Thank you to NetGalley and Dundurn for sending me a free advanced reader copy of this book for an honest review. Safe Harbour debuts December 10th.
Safe Harbour is one of a few books I’ve read this year that I’d put in the category of “issue books,” i.e., books that focus on particular real world situations that might not affect all readers, but help give insight and understanding. Myself I wouldn’t normally peg as an issue book kind of reader since I can really bristle at anything that feels too preachy, but Safe Harbour really spoke to me; I was rooting for the MC from page one, especially because she’s in such a perilous situation: a fourteen-year-old on her own in Toronto waiting for her transient father to arrive on his boat. All she has to her name is a tent, a meager stash of cash, a maxed-out credit card, a phone, tuna cans, and soda crackers–oh, and she has a dog that she also has to provide for. And winter is coming, and the MC, who is used to warmer Florida weather, has no idea of the scope of a northern winter.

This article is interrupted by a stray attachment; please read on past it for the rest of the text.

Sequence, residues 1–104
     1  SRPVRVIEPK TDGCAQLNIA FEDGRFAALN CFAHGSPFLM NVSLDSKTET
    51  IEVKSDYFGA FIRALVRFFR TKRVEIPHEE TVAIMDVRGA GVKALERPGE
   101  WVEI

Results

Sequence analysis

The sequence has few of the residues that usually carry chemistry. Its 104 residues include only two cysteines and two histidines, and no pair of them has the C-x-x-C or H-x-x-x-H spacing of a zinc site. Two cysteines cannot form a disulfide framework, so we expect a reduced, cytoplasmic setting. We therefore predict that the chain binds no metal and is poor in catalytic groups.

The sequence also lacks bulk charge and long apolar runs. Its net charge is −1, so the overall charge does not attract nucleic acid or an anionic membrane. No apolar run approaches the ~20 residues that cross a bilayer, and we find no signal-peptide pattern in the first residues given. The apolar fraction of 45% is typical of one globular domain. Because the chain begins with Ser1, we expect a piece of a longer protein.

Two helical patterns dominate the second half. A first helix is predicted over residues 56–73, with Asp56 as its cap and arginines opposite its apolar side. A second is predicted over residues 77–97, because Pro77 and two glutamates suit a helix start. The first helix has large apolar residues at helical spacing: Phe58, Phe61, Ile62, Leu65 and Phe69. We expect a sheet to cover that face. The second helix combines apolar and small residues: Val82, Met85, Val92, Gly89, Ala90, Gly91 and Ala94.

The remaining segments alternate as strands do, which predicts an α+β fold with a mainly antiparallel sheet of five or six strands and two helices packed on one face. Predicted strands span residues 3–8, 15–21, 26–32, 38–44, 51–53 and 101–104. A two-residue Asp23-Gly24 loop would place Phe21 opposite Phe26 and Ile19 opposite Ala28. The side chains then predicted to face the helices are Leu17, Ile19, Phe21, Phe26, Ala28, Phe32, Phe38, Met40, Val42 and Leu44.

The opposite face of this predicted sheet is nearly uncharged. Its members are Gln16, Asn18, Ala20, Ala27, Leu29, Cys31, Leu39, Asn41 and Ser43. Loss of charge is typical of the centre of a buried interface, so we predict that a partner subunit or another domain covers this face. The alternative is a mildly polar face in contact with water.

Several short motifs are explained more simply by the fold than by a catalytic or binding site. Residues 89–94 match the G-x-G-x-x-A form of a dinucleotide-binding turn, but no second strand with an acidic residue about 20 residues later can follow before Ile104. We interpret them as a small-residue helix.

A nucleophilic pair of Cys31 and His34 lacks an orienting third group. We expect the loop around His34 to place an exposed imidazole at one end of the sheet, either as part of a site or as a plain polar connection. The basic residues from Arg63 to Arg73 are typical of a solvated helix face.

It’s an unlikely story, but Kilbourne does a great job helping readers see how events could have led to this point. Be prepared for a harrowing story: Safe Harbour illustrates real nice and clear how easily someone can become a victim of sex trafficking, lose a finger to frost bite, or let love (for example, for a pet or a family member struggling with mental illness) keep you from taking steps toward safety. Things worked out okay in the end, but I was praying for the MC along the way.
The characters are the shining feature of this story. For once, I was fully on board the unreliable narrator wagon–I’m not always into unreliable narrators, but I thought it worked splendidly for Safe Harbour. I did think the end wrapped up a bit too neatly and wasn’t that believable, but it didn’t spoil the book in any way. If you’re looking for an issue book that will take you on a roller coaster of emotions and doesn’t get too preachy, Safe Harbour is a good choice.